The Federal Reserve Bank of Philadelphia has created an Economic Advisory Council to replace its long-standing Business Council.
The big difference seems to be the size. With four more members, the new 14-person council draws from the tourism, health-care, retail and food industries, as well as organized labor and the academic world.
Its role is to advise Federal Reserve officials on what its members are experiencing in their businesses and industries.
As spokeswoman Katherine Dibling put it, the members provide "grass-roots information" to Fed researchers who have an analytic view of how the world works. "These people are in the salt mines," she said, of the panel members.
Table-salt, rather than road salt, I would think.
Still it's got to be refreshing for someone who does regression analysis all day to hear from a guy like Mark Wagner, CEO of a livestock and poultry feed manufacturer in Elizabethtown, Pa., about how business is going down on the farm.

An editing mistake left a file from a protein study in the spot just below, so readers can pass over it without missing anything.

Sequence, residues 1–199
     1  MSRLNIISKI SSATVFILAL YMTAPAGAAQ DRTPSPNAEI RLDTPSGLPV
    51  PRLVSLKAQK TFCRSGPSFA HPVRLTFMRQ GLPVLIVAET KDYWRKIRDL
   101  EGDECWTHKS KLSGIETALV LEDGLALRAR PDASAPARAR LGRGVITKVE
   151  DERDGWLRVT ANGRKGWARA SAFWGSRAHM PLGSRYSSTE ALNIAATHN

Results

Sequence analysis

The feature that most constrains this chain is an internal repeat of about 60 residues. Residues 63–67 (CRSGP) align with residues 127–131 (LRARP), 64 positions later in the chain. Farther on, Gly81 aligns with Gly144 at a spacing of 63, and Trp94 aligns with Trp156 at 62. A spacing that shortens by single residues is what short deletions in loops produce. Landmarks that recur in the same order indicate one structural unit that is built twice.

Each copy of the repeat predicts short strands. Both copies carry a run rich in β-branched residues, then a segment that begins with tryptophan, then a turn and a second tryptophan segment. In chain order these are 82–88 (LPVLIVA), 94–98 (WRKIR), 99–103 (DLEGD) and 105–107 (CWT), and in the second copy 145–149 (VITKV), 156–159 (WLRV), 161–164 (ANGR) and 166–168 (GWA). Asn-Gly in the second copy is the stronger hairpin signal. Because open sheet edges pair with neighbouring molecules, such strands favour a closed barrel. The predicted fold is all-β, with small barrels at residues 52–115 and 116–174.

Or talking soup (and crackers) with Kelly D. Johnston, vice president of government affairs for Campbell Soup Co.
Or swapping home-improvement tales with Lewes, Del. builder Christopher Schell and Edward Coryell, business manager of the Metropolitan Regional Council of Carpenters.
Since six members of the Economic Advisory Council served on the previous panel, this is change is hardly an extreme makeover.
But the Fed says the new council is more representative of the Eastern Pennsylvania, South Jersey and Delaware region.
And I'm afraid that's true. On this panel, there are no life-sciences or new-media companies, and only one firm could be considered tech (Oki Data Americas Inc. in Mount Laurel).
Philadelphia has a diverse economy with a heavier reliance on health-care services and education than most other regions. Slow and steady sectors.
The Fed's new panel is not designed keep up with the latest business fad. Rather its makeup says quite a bit about what goes on in this part of the country.